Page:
The Dirt: Reprieve for new home building industry

In “The Dirt” column of the April 6/13, 2009 edition of Law Times, this writer waxed, if not eloquently then certainly vociferously, about Ontario’s proposed 13 per cent harmonized sales tax and its near ruinous implications for the new home construction industry and homebuyers in the province.

In that earlier Law Times article, I pointed out that the overall tax burden (i.e. pre-harmonization) currently imposed by GST and PST on the purchase of a typical single family detached home in the City of Toronto ranges between 5.3 per cent and 6.9 per cent of the median price of such a new home - a combined sales tax load just short of $50,000.

After the then-proposed sales tax harmonization, however, the total sales tax on the same City of Toronto single family detached home would soar to over $96,000 in HST, a whopping $46,000 increase in the cost of Toronto new home ownership!

The real culprit, of course, was not in the harmonization per se of the collection of these two levels of sales taxes. Most fiscal theorists agree that a co-ordinated and streamlined collection protocol is, at almost every level of analysis, preferable to the existing bifurcated provincial/federal remittance procedures.

However, as a byproduct of harmonization, some line-items that had historically been exempt from the 8 per cent provincial retail sales tax would now become subject to an umbrella 13 per cent harmonized sales tax instead - in effect, imposing a de facto 8 per cent provincial retail sales tax where before harmonization there was none.

For the most part, these new taxable line-items are services, most of which had been PST exempt prior to harmonization, but would become HST (including the built-in PST component thereof) eligible after harmonization.

The one notable non-service item that would also have been swept into the HST tax increase was new home construction (and this includes residential condominiums as well), especially on homes costing more than $400,000.

While new homes sold at less than $400,000 enjoy a total GST rebate (which rebate would also extend to the HST after harmonization), the March budget contemplated that newly built homes sold for more than $400,000 post-harmonization would not only attract GST (as they now do), but also the built-in PST component of the HST.

Well, wouldn’t you know it, a scant few months after the publication of the Law Times column, the provincial government abruptly and effectively cancelled the PST portion of the HST above $400,000 by extending the rebate for the PST portion of the HST to all new home purchases, regardless of sale price. The full rebate was also extended to all new residential rental housing as well.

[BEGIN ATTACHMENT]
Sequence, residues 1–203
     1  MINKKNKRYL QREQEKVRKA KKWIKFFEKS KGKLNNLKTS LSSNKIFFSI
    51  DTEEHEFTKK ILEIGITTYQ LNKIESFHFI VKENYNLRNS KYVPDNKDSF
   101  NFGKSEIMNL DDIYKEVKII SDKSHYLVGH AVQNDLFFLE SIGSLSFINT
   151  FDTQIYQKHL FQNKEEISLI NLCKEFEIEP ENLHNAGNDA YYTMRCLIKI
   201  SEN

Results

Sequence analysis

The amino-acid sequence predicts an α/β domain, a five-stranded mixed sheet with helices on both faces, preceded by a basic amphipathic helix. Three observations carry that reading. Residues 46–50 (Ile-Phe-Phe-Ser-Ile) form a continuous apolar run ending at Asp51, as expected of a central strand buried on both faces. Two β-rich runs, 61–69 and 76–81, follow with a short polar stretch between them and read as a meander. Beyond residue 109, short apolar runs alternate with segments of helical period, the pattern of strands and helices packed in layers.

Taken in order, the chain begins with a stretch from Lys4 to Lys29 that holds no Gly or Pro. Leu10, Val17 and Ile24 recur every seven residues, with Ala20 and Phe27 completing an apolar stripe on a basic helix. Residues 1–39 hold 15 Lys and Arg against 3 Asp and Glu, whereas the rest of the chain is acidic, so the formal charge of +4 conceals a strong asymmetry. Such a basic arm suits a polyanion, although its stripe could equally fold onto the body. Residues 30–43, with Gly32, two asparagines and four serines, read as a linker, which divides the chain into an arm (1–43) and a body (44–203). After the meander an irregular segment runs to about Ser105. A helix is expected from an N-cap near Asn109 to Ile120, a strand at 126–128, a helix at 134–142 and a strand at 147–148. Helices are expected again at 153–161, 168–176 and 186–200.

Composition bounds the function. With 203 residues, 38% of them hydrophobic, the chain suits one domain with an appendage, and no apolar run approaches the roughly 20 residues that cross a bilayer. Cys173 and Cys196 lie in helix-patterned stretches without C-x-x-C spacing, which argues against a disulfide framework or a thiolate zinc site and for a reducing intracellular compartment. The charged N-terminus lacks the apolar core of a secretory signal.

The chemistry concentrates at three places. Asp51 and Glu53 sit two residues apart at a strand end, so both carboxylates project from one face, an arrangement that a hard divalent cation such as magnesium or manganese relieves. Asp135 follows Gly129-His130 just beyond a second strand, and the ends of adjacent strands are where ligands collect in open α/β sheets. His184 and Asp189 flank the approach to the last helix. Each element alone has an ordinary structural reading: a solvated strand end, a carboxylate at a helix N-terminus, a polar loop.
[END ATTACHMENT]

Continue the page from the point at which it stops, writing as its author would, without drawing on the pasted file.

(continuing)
The impact of the government about-face, which was publicly announced on June 19, 2009, is nothing short of astounding. On a $500,000 new house, condo, or rental unit anywhere in the province, the savings on the PST portion of the HST will be $24,000 per transaction. Based on ministry estimates as to volume, the extension of the rebate could cost Ontario coffers upwards of a quarter of a billion dollars per annum.

Of course, the rebating of the PST portion of the HST on new home sales will do nothing to eliminate the increased incidental costs payable in a typical real estate transaction as a result of sales tax harmonization.

Ontario’s real estate buyers (whether buying housing stock or industrial, commercial, or investment properties, and whether buying new or resale real estate) are all going to have to pay a 13 per cent HST on legal fees, surveyors’ fees, appraisal and home inspection fees, title insurance premiums, and real estate commissions, all of which have historically been exempt from PST.

All real estate deals will still suffer indirectly because of these increased ancillary costs associated with adding a de facto PST to all real estate related services. The decision by the government will come as a particular relief to Toronto homebuyers.

Toronto has the simultaneous distinction of being the municipality with: (i) the most new homes and condos being sold above the $400,000 price point (estimates vary from 40 to 50 per cent of all Toronto new home construction to be above this price point); and (ii) the highest land transfer tax rates in the province.

With the implementation by the City of Toronto of its own municipal land transfer tax last year, had harmonization gone ahead as originally planned, the total tax load payable by a typical Toronto new home or condo buyer after July 1, 2010 (the proposed harmonization implementation date) would have been a whopping 17 per cent (13 per cent in HST and 4 per cent in combined land transfer taxes).

Alas, the ministry’s announcement with respect to the extended HST rebate for new homes did not expressly credit “The Dirt” as the causa causans of this tax relief measure, but that does not stop the author from taking at least some of the credit for the government’s policy epiphany.

Of course, some might argue that relentless lobbying efforts by industry associations like the building industry and land development association, and development law mavens like Harry Herskowitz of DelZotto Zorzi LLP both before and after “The Dirt” column may have contributed (perhaps significantly) to the change in government direction, but precision attribution is not productive at this stage.

Suffice it to say that, from the perspective of both homebuyers and home builders in Ontario, the amended HST policy is now far better than the March budget version thereof that it replaces. 

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